You Can Survive and Grow Your Business During This Crisis – Here’s How

Dec 13, 2021

This is my fourth financial crisis.  I started my commercial real estate career in 1984. My first crisis began in 1989 when the San Francisco earthquake hit. I later experienced the 2001 Boom and Bust market. Then again the 2008 financial collapse.  And now an economic collapse initiated by a global health crisis, COVID-19.

The good news for me is that I feel I know what I need to do now to not only save my business, but take advantage of the situation and grow it.

Reflecting on the down markets I’ve lived through, my experience with coronavirus reminds me more of a similar financial impact that we had felt in 1989 with the earthquake. At the time, we were enjoying a relatively strong financial marketplace when a natural disaster hit suddenly.  Being a broker in San Francisco, our market just stopped in an instant.  We could not go back to our offices until buildings were determined safe to reenter.  We did not have the technologies we do today to continue business  during the crisis. In fact,  I recall our cell phone service was cut off, so we could only do calls on our landlines. We could not communicate with our clients at all. We didn’t know the what the impact would be on our clients, and we had no way to communicate. The overall fear was thinking maybe another, much larger, earthquake would strike again. Everywhere you looked, you could see our city was broken.

Uncertainty became the norm.  The earthquake hit in October 1989, but a perfect storm was about to occur as a serious national recession (some called it a depression) began to unfold in 1990.  Now, the market was in serious trouble and all salespeople began to wonder how they were going to survive.

I am a born and raised San Francisco native who never left the city. But at the time, I had a young family  and couldn’t help but feel fear and hopelessness.  We began to look for alternative places to live and came close to moving to Seattle.

I was always a top producer wherever I worked. Instead of leaving San Francisco and giving up, I began a reflection process and my natural instincts of drive and determination began to kick in.

Rather than throw my hands up,  I decided to start my own firm with partners who felt the same way.  Starboard officially opened its doors in February of 1991.  That year, and the following two years, I had the best years of my career. Most people thought we were crazy to start a new brokerage company in the height of such a down market.  We all saw it as one very big opportunity.

What learned quickly as we approached landlords that they saw the situation very different than we had. As a new company, we approached a building owner who had four significant downtown buildings. We spent hours working on our first serious listing presentation to make sure it was perfect.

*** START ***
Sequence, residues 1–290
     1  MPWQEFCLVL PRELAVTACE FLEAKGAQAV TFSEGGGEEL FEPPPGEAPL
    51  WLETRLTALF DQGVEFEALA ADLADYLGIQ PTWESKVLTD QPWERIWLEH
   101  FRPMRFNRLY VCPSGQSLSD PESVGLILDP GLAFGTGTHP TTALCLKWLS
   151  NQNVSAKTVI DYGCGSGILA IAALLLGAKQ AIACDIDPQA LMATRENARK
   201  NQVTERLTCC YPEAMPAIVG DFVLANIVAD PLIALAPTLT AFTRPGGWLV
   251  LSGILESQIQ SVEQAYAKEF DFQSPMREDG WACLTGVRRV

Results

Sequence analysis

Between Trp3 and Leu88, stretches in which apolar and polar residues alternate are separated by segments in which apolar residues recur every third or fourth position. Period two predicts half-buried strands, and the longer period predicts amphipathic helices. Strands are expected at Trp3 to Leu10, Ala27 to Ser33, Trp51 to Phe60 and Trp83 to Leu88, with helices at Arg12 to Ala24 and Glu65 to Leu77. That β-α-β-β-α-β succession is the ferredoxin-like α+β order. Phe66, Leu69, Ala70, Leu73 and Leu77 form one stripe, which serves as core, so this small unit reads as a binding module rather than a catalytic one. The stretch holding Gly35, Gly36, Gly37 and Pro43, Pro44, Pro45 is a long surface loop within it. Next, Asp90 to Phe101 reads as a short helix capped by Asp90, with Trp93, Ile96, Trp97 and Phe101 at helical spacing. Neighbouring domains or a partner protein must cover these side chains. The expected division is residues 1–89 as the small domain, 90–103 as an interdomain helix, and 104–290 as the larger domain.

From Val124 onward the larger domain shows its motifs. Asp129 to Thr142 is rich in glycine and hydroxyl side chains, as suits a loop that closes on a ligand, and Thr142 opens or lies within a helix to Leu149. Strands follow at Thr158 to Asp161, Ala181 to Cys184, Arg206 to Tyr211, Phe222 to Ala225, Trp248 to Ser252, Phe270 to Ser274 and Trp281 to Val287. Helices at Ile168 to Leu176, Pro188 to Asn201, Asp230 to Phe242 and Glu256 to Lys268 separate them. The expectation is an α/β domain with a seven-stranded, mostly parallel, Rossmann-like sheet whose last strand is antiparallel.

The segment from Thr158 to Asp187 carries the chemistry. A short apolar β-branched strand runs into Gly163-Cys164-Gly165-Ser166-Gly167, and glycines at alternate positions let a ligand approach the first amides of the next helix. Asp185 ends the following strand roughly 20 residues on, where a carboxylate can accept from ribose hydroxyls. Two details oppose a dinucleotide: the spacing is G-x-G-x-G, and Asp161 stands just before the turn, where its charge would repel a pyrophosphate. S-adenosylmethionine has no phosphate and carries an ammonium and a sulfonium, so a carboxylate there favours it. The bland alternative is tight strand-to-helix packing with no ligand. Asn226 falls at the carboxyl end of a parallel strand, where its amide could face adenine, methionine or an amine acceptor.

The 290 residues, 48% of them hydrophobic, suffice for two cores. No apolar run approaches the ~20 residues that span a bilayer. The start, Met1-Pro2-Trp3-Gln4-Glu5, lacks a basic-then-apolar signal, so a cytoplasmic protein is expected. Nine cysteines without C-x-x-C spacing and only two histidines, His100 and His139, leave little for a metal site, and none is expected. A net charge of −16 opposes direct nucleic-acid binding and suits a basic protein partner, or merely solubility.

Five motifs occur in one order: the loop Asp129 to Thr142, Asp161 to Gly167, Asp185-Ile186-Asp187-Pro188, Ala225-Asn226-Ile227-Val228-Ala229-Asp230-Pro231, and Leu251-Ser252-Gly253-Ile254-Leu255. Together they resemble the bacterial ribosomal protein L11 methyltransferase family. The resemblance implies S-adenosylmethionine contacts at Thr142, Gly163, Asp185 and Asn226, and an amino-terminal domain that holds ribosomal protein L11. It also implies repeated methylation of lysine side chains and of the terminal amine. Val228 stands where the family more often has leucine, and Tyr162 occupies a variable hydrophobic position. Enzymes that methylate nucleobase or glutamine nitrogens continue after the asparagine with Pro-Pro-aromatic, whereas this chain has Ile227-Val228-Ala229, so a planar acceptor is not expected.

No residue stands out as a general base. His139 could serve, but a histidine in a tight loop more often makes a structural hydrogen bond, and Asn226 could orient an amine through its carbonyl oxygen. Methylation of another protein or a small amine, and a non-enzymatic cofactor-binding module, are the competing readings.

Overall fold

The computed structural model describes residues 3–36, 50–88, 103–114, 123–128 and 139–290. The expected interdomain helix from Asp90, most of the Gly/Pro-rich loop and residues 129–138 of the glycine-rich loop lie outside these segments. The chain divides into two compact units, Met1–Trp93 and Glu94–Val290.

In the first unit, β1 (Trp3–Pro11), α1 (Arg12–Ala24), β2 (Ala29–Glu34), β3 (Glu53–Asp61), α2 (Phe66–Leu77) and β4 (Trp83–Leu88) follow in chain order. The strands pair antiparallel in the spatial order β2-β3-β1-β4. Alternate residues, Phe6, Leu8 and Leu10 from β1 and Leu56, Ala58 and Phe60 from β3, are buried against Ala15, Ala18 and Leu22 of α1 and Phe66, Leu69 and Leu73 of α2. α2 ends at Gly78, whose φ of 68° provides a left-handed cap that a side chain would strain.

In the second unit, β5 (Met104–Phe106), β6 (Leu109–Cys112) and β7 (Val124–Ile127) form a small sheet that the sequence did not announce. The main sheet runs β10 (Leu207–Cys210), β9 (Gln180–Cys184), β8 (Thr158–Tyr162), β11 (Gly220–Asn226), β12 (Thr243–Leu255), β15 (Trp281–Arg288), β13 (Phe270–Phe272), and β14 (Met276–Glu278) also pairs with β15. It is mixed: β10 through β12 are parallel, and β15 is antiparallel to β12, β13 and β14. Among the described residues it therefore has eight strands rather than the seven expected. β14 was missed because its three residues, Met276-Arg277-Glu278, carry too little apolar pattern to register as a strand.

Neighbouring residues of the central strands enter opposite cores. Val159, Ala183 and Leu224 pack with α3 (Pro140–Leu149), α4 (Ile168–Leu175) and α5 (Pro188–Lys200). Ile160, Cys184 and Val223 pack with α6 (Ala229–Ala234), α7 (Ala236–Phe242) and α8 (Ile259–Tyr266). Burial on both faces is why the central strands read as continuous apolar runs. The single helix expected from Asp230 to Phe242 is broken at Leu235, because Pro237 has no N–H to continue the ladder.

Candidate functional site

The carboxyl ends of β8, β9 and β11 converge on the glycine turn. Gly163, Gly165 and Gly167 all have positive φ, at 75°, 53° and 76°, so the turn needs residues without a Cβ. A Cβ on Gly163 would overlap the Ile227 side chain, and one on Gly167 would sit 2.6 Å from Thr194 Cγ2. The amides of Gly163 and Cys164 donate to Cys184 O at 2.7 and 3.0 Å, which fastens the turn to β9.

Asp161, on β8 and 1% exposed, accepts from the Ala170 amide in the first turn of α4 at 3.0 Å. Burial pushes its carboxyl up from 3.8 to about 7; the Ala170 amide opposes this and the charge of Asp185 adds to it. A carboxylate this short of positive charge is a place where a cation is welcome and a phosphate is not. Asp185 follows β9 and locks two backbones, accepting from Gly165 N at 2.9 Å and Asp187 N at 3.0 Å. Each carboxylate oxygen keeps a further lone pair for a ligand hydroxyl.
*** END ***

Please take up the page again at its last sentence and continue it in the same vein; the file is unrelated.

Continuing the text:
When we get to the appointment, we expected and hoped for a long meeting with a lot of questions and answers, but instead the meeting lasted less than a half hour.

The owner cut it short and said he was giving us all four of his buildings as listings.   We never opened our written presentation.  When we thanked him, we asked why he would give us a shot without us letting us tell him our plans to get his buildings leased.  His response was, “If you are crazy enough to start a business in this market, you are crazy enough to get my buildings leased. You cannot afford to fail.”

Today, reflect on sales challenges you’ve had and what you did to overcome them. Let your natural determination kick in.  If you are sitting on your hands, just waiting for something to happen, you will be out of business (if you’re not already out of business as a salesperson).

Call up your existing clients, past clients and show you care. If you can provide any assistance and help your clients right now, you will grow your business in the future with them.  Calling new clients today will also pay huge dividends in the future. New clients will pick up the phone and answer your call. They too are desperate to figure out how to survive this crisis. You as a salesperson need to be proactive and help.

To date, as President of Starboard Commercial Real Estate,  I have received only two calls from my vendors. My banker and my IT person called to check in.  We have received some emails from other vendors, but that’s it.

You must call your clients. Don’t text or email.  They are tired of zoom meetings and trying to keep up the explosion of emails. Call your clients. If my firm is one example, then very few salespeople are doing this.  Be different. Bring back your drive. You will not only survive this crisis, but you will come out on top  and  grow your business by the time it’s over.

Written by: Hans Hansson

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Hans Hansson is President of Starboard Commercial Real Estate. Hans has been an active broker for over 35 years in the San Francisco Bay Area and specializes in office leasing and investments. If you have any questions or comments please email [email protected] or call him at (415) 765-6897. You may also check out his website,